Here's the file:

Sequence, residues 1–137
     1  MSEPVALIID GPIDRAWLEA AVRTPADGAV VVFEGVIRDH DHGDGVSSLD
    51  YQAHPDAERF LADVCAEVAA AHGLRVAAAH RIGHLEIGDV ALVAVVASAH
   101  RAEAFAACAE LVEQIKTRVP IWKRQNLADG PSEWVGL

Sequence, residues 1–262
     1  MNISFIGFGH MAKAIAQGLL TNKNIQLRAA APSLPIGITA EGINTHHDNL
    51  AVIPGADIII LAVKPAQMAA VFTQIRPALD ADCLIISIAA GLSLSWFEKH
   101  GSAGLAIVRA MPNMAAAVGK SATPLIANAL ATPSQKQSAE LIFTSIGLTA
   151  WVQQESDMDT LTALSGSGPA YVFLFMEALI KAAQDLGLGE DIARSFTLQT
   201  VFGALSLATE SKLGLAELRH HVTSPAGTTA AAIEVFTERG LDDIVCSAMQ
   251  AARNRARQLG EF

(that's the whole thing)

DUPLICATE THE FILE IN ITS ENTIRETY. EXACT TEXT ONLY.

Sequence, residues 1–137
     1  MSEPVALIID GPIDRAWLEA AVRTPADGAV VVFEGVIRDH DHGDGVSSLD
    51  YQAHPDAERF LADVCAEVAA AHGLRVAAAH RIGHLEIGDV ALVAVVASAH
   101  RAEAFAACAE LVEQIKTRVP IWKRQNLADG PSEWVGL

Sequence, residues 1–262
     1  MNISFIGFGH MAKAIAQGLL TNKNIQLRAA APSLPIGITA EGINTHHDNL
    51  AVIPGADIII LAVKPAQMAA VFTQIRPALD ADCLIISIAA GLSLSWFEKH
   101  GSAGLAIVRA MPNMAAAVGK SATPLIANAL ATPSQKQSAE LIFTSIGLTA
   151  WVQQESDMDT LTALSGSGPA YVFLFMEALI KAAQDLGLGE DIARSFTLQT
   201  VFGALSLATE SKLGLAELRH HVTSPAGTTA AAIEVFTERG LDDIVCSAMQ
   251  AARNRARQLG EF